When Feminism Becomes Exclusivism?

FAITH BARKER explains why she feels uncomfortable with some of the attitudes expressed within the CUSU Women’s Campaign.

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When I arrived at Cambridge, I was dumbfounded by the casual sexism. I’d come from an all-girl, highly academic school where we’d been told we could do anything (admittedly, this focused more on being bankers than being activists, but there was a strong emphasis on equal intellectual capability with boys).

On arrival in Cambridge, however, I was quickly introduced to such concepts as ‘Good Pants Bad Pants’, the Cambridge scale, and the creeping feeling that some of my male peers genuinely didn’t believe that women could be as smart as them.

Fully outraged, I resolved to go to a meeting of different feminist organisations in Cambridge, looking not so much for a plan of action as for someone to help me understand what the hell was going on and whether I was actually living inside the pages of Nuts magazine. The meeting, though, was a disappointment – I was embarrassed by the activism jargon, unfamiliar to me, and frustrated by the circularity of the arguments. I didn’t go back, and perhaps that was my mistake.

Maybe what I wanted was not an organisation for equality, but a group of like-minded friends with whom I could cackle about the raised eyebrows of one rugby-playing friend when I mentioned the word ‘pubes’ in relation to my own body. Maybe I was looking in the wrong place.

But I don’t think it’s just my fault. I don’t disagree with what the Women’s Campaign is trying to do – I want women to have a greater voice in Cambridge, and I don’t want people to be able to fling Julie Burchill-esque accusations that the privilege that comes from being at an elite university means you can’t suffer from the constraints of patriarchy – but sometimes the Campaign makes me feel about as alienated as seeing the Facebook page of my college’s male drinking society.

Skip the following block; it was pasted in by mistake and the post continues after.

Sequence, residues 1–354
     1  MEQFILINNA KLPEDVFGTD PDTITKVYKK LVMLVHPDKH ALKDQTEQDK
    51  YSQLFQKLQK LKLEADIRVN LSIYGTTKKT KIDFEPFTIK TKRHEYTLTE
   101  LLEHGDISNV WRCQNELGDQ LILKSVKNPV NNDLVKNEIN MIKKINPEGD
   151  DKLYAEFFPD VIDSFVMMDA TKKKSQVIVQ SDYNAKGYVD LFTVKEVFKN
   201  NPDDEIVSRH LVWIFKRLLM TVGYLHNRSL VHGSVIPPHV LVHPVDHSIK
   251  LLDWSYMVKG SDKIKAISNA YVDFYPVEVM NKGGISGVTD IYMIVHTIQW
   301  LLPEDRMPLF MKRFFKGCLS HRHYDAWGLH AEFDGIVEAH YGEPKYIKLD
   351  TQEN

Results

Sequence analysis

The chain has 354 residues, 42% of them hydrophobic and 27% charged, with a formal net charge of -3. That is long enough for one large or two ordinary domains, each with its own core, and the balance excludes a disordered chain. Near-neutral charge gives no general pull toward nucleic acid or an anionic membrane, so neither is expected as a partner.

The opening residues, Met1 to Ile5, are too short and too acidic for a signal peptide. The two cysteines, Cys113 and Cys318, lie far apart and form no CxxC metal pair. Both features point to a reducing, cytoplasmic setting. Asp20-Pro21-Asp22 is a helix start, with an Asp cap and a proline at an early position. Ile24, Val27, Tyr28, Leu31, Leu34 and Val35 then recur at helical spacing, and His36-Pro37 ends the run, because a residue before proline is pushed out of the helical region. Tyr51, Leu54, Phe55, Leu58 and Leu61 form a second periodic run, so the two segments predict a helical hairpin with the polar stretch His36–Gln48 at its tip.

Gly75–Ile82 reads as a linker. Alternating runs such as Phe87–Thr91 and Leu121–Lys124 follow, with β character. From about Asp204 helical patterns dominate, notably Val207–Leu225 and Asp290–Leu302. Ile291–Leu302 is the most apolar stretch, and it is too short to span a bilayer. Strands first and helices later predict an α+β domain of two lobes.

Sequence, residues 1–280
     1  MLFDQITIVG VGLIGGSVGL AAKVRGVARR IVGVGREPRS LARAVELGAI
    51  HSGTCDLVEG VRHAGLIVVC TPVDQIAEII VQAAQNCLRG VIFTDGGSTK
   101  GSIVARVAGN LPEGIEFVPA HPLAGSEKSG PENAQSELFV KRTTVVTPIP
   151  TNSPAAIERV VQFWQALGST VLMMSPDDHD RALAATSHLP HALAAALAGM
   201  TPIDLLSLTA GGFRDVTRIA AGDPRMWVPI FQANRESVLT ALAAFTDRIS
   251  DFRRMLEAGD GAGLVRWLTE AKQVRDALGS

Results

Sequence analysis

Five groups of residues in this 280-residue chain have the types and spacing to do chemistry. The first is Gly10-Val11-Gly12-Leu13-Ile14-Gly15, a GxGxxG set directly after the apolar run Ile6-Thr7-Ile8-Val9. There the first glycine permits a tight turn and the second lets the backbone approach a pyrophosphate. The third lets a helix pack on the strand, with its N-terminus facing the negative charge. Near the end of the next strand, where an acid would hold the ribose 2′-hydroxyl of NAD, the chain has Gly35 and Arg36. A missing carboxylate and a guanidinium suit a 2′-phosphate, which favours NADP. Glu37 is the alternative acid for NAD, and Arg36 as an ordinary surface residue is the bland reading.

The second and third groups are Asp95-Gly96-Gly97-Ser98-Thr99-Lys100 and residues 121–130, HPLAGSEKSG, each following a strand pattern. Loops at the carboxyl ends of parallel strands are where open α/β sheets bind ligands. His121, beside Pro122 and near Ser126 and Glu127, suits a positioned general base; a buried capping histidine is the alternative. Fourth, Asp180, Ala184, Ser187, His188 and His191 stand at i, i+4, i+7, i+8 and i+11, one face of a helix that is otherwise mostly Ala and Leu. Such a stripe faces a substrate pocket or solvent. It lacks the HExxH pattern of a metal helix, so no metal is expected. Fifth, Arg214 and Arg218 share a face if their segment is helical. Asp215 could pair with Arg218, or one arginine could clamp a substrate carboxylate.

Recent debates with regards to men wanting to contribute to feminist discussion made me particularly uncomfortable. Okay, so some of them were a bit frustrating, but it escalated to comments which screamed ‘DON’T REPLY. IT MAKES US ANGRY. YOU ARE NOT OUR INTELLECTUAL OR EXPERIENTIAL EQUALS ON THIS SUBJECT’. Shit, I thought, I may have a uterus, but I know I’m definitely not one of their intellectual equals on this subject either. I spend more time fretting about my degree than I do reading bell hooks – does that mean I can’t be part of the discussion?

Support for similar ideas abounded on the Women’s Campaign Facebook page. I felt uneasy that an organisation supposedly representing all self-defining women in Cambridge was speaking out in a way that I found offensive and elitist. It wasn’t just refusing to engage with its detractors, but it was alienating those who should be able to feel part of the Women’s Campaign. Surely a Women’s Campaign in the environment of a university, where many people may not have been exposed to feminist theory before, should be about inclusion and education rather than dismissal of those who ask questions or have doubts – especially if the questioners are other women?

Last term, a fresher asked a boy in my year if I was nice – his response was ‘Mmm. She’s a bit feminist’. I want to love the Women’s Campaign, and I want to feel like I can be a part of it (I welcome any and all criticism of what is essentially a paradoxical article!). I think of myself as more than ‘a bit feminist’: is there such a thing as degrees of feminism? Perhaps there is for the Women’s Campaign.